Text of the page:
I am fully aware that it is still late August, but I am programmed to think of putting up food for the winter in mid-summer. See Grandma, Mom, and Dad? I did pay attention! And so, in the spirit of playing ‘the ant’ to any food preservation grasshoppers out there…
It’s garlic season! Yippee!
If the only garlic you’ve ever eaten was from a plastic wrapped box or precut in a jar you’ve been missing out mightily. The flavor of fresh garlic is complex. It is spicy and pungent. There is no substitute for it.
Garlic from the bulk bins in most grocery stores, while a step above the cello-wrapped boxes and jarred variety, pales in comparison to good garlic purchased from a reputable farmer. I saw my garlic guy today and stocked up on the garlic that should get us through the remainder of pickling season and the winter. He sent me home with 10 pounds of German Porcelain and Italian Red garlic. **These are both hardneck varieties. Hardneck garlic remains healthy longer in storage than does softneck garlic.
At a loss as to where to find fresh garlic locally? If you’re in Western New York or the Southern Tier I can give you my garlic guy’s name. If you’re not from these parts, the folks at Local Harvest have a wealth of information on local-to-you growers and farmers markets.
Garlic is, after blueberries, the second easiest thing to store for the winter. To keep garlic for several months you can create the ideal storage conditions by keeping heads intact in a cool, dry, dark place with plenty of air circulation. Some good ways to do this are:
- Buy some cheap pantyhose. Drop a head of garlic down each leg into the foot, tie off or cinch with a twist tie, and repeat until hose are full. Hang this from a beam or hook in your closet, basement or root cellar.
- Store in mesh bags in your closed pantry or cabinets.
- Hang in mesh bags from a hook or beam in your closet, basement or root cellar.
- Store in a cool place in a mesh bowl under an overturned clay pot.
Some sure fire ways to ruin your garlic include:
- The fridge. Your garlic should not be stored in the fridge at all. The cold temperature changes the flavor of the garlic. If you chop more than you need for a recipe, wrap tightly with plastic wrap and use within 24 hours. There will be some loss of flavor, but you’ll probably be able to live with it.
- The freezer. Ditto on the cold temperatures, but the freezer has the added disadvantage of ruining the texture of fresh garlic. Don’t be tempted!
…And as if fresh garlic (bought inexpensively in late summer) readily available in your home isn’t enough to tempt you, let me share one other thought with you. You can roast a bunch of heads of garlic and freeze the roasted garlic. **The earlier caution about freezers and garlic does not apply to lovely roasted garlic.
The beauty of roasted garlic -addressing for the moment the uninitiated- is that it morphs garlic into a sweet, mellow spreadable form of garlic with none of the sometimes maligned side effects of raw or fresh garlic. The five and a half billion things you can do with roasted garlic are the subject of an upcoming post. But for now I’m going to apply peer pressure to those who haven’t yet made this. Come on. Make it. Everyone’s doing it. You’re missing out if you don’t. What are you, a square? (Er, does anyone say that any more?) And since I’m brow-beating you into making it I’ll leave you with my recipe for roasted garlic.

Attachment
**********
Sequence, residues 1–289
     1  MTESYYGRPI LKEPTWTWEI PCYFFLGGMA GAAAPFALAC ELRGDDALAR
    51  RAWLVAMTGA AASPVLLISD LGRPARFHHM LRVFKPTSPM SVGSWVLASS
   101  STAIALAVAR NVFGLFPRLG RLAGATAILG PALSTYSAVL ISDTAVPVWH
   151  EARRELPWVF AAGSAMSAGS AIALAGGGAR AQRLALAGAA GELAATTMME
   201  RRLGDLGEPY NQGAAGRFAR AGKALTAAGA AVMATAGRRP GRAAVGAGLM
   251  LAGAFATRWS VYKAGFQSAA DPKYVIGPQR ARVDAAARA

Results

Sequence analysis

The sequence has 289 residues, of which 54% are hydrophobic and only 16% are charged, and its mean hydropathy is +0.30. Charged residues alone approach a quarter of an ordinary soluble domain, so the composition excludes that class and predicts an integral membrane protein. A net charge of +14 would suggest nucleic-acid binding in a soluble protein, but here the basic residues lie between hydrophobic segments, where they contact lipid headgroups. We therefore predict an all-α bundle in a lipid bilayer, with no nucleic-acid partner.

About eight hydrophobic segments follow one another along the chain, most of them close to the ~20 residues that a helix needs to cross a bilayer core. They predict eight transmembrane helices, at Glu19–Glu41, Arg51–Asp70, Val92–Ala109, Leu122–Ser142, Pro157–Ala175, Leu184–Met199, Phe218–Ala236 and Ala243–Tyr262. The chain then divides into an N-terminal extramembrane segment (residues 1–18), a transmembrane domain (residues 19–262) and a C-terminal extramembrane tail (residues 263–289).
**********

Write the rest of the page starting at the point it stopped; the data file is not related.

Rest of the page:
- 2 heads garlic
- 1/4 cup extra virgin olive oil
- kosher salt and fresh ground black pepper
- 2 small sprigs fresh rosemary or thyme (or 1/2 teaspoon dried version of either herb)
Preheat oven to 350ºF.
Trim any funky dangly bits off the root end of the garlic and brush away any loose paper without separating the cloves. (That’s the hairy end, just in case you’re wondering!) This should allow it to stand up solidly. Lay garlic on its side on a cutting board and -using a sharp knife- trim about 1/2″ from the flower end of the garlic bulb. This should just expose the tips of the actual cloves of garlic.
Place the garlic heads with the cut side up in a small baking dish that is at least as tall as your garlic. (If you don’t possess such a thing, simply form a crude bowl from heavy duty aluminum foil and proceed…) Drizzle the olive oil evenly over the tops of the garlic and sprinkle with a small amount of salt and pepper. Top each garlic head with a sprig of rosemary or thyme. Cover the dish with foil (or crimp your foil ‘bowl’ up at the top) and place in the oven to roast for between 30-35 minutes. **If using the foil bowl method, be sure to place on a rimmed baking sheet before popping into the oven. It’ll keep you from having any spills and from cursing my name.
Examine the garlic to test for doneness. The ultimate roasted garlic will have a browned papery exterior (but not blackened), deep golden brown cloves and will yield when squeezed gently. When garlic reaches these benchmarks, remove from the oven and allow to cool for several minutes before using.
To extract garlic to use, flip the slightly cooled heads upside down and squeeze from the root end toward the blossom end like a toothpaste tube. Now eat! (I’ll be posting our favorite ways of roasted garlic consumption very, very soon. Ya’ll come back soon for the recipes!)